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Mindful Self Compassion for Combat Deployed Veterans With Moral Injury and Co-occurring PTSD-SUD

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ClinicalTrials.gov Identifier: NCT03681288
Recruitment Status : Recruiting
First Posted : September 24, 2018
Last Update Posted : July 11, 2019
Sponsor:
Collaborator:
Providence VA Medical Center
Information provided by (Responsible Party):
VA Office of Research and Development

Brief Summary:
Veterans with co-occurring Posttraumatic Stress Disorder and Substance Use Disorder (PTSD-SUD) experience more severe symptomatology and poorer response to existing treatments than Veterans with either disorder alone. Guilt is a common posttraumatic reaction and has been implicated as a risk factor for the development and maintenance of PTSD and substance use. Combat Veterans often report experiencing moral injury defined as perpetrating, failing to prevent, or witnessing acts that violate the values they live by in their civilian lives, which can lead to feelings of guilt and shame. Accordingly, reduction in guilt and increase in self-compassion may lead to improved quality of life for Veterans. This project will conduct a pilot study to evaluate changes in self-compassion, guilt, and PTSD-SUD symptom severity in a sample of Veterans after receiving 8 sessions of Mindful Self Compassion treatment. Findings will have significant impact on effective treatment options and lead to improvements in Veterans' quality of life and posttraumatic symptoms.

Condition or disease Intervention/treatment Phase
Substance Use Disorder Post-traumatic Stress Disorder Moral Injury Behavioral: Mindful Self-Compassion Not Applicable

Detailed Description:

PTSD-SUD is particularly common following combat exposure, affecting a rapidly increasing number of U.S. military Veterans. The co-occurrence of these disorders presents added challenges to the VA treatment delivery system, presently in need of effective integrated treatments. Veterans with PTSD-SUD experience more severe symptomatology, increased risk of suicidality, poorer quality of life, and poorer response to existing treatments than Veterans with either disorder alone. Furthermore, PTSD-SUD prevents Veterans from reintegrating into society and is associated with occupational and social dysfunction. These findings underscore the need to effectively and efficiently address comorbidity and the complex array of problems with which Veterans present to treatment.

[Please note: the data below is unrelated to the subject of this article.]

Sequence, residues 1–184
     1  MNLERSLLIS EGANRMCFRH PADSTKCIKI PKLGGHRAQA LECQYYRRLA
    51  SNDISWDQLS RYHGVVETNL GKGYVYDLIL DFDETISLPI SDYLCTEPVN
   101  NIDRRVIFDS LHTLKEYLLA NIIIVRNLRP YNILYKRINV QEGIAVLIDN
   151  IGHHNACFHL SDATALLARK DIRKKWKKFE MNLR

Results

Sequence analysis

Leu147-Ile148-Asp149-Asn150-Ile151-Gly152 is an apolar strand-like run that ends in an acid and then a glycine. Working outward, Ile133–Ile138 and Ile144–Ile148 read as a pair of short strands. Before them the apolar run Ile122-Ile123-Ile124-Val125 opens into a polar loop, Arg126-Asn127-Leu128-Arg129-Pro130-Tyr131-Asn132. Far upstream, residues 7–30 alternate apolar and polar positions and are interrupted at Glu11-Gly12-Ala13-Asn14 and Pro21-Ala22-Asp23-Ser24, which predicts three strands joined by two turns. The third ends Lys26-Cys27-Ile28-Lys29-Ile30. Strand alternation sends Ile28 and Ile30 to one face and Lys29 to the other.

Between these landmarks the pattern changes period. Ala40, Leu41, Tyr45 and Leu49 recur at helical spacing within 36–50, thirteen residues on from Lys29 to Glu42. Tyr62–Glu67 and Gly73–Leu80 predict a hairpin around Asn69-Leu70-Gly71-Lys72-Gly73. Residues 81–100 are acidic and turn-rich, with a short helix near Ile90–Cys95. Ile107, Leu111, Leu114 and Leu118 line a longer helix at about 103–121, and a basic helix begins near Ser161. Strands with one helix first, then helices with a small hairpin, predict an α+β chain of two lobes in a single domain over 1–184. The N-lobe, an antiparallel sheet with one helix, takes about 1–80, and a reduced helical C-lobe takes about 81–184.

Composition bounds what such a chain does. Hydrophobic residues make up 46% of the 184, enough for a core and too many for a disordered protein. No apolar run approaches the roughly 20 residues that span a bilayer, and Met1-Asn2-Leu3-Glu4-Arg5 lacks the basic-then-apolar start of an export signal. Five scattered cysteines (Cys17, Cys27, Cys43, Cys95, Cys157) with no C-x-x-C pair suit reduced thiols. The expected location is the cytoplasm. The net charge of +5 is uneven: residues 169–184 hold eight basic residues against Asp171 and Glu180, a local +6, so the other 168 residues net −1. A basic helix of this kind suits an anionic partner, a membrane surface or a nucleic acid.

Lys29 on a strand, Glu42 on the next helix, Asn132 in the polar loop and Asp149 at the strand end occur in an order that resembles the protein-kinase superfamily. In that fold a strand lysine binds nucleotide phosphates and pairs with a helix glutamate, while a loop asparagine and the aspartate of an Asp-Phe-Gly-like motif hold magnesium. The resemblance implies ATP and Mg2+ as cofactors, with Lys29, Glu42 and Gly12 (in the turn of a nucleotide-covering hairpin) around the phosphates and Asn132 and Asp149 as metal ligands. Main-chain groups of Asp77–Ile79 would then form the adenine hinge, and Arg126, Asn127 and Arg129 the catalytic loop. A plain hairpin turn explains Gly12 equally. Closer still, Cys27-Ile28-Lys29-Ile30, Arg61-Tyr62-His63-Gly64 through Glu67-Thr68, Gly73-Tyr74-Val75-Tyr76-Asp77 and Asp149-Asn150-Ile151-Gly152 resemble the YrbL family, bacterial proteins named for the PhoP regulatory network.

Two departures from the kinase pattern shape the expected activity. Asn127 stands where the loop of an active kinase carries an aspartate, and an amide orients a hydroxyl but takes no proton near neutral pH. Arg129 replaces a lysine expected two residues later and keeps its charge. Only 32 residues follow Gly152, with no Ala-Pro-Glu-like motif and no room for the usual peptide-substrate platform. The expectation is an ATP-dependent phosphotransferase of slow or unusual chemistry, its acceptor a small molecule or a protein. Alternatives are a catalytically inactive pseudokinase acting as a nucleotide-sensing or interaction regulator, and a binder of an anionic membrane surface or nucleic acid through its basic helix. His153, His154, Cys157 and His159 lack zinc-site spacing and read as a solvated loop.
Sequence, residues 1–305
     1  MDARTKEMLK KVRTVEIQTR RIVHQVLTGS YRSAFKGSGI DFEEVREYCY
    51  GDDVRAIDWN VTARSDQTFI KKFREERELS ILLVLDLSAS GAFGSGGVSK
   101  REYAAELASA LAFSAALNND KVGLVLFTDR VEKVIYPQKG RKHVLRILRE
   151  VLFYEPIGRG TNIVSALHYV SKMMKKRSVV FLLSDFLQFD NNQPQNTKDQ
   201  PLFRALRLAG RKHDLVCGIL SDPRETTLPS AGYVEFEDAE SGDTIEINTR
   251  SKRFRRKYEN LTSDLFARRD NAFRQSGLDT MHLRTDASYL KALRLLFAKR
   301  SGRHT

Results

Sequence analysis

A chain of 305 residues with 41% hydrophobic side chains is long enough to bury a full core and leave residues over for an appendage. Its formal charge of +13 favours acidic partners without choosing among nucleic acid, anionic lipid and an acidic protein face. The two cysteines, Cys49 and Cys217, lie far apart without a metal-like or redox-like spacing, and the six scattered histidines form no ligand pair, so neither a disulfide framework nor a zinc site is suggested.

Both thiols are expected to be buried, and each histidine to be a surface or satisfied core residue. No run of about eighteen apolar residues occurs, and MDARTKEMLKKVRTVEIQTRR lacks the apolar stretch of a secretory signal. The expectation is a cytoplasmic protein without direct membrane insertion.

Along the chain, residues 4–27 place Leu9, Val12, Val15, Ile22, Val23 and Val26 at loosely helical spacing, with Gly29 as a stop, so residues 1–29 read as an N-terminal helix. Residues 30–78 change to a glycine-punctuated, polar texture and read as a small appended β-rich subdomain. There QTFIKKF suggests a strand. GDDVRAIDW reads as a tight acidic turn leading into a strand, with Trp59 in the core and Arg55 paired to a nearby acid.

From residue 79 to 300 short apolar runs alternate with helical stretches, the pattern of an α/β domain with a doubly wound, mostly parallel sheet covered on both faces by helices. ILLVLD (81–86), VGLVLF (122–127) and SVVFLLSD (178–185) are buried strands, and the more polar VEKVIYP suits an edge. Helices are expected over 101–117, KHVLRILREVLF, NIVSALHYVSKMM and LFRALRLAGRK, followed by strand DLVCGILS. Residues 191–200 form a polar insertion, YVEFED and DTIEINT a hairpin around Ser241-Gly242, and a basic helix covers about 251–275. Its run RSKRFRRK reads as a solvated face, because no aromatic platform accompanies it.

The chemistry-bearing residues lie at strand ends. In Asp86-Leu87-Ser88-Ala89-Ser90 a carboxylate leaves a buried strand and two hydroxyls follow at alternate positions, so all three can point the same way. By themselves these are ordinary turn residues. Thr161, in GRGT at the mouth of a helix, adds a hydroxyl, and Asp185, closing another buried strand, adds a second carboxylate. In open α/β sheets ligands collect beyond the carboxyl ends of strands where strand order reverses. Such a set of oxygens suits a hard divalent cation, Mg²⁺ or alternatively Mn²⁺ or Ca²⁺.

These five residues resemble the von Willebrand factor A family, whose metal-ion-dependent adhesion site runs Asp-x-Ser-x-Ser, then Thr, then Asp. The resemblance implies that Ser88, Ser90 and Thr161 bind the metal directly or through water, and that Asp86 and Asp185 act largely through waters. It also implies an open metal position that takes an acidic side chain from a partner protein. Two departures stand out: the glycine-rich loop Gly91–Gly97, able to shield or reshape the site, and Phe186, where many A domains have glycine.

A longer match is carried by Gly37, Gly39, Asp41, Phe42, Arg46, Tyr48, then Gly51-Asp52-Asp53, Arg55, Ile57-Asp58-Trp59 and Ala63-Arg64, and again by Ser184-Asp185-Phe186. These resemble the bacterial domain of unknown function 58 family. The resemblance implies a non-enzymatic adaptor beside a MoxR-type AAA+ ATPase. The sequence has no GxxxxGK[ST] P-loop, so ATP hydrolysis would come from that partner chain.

One approach is to develop interventions that target mechanisms thought to underlie multiple highly prevalent disorders, such as guilt related to traumatic experiences. Combat Veterans often report experiencing moral injury defined as perpetrating, failing to prevent, or witnessing acts that violate the values they live by in their civilian lives. Veterans who negatively appraise their actions or inaction during combat may experience guilt, a common posttraumatic reaction. Moral injury suggests the inability to contextualize or justify actions and the unsuccessful accommodation of those morally challenging experiences into pre-existing moral schemas, resulting in guilt and shame. Posttraumatic guilt has been implicated as a risk factor for the development and maintenance of several forms of psychopathology including PTSD, SUD, depression, and suicidality. However, to date, treatments for posttraumatic psychological health issues have been primarily disorder specific, with a focus largely on symptom reduction. Therefore, greater understanding of modifiable factors that influence functional impairment and PTSD-SUD is needed to enhance treatment efforts.

Mindful Self Compassion (MSC) combines the skills of mindfulness and self-compassion, providing self-soothing skills to respond to difficult thoughts and feelings (including guilt) via meditation. Self-compassion (SC) emphasizes kindness towards one's self, a feeling of connectedness with others, and mindful awareness of distressing experiences. Furthermore, because SC is negatively associated with self-criticism, rumination, thought suppression, anxiety, and depression, and positively associated with healthy psychological functioning, it is well suited to addressing posttraumatic psychopathology, shame, and guilt.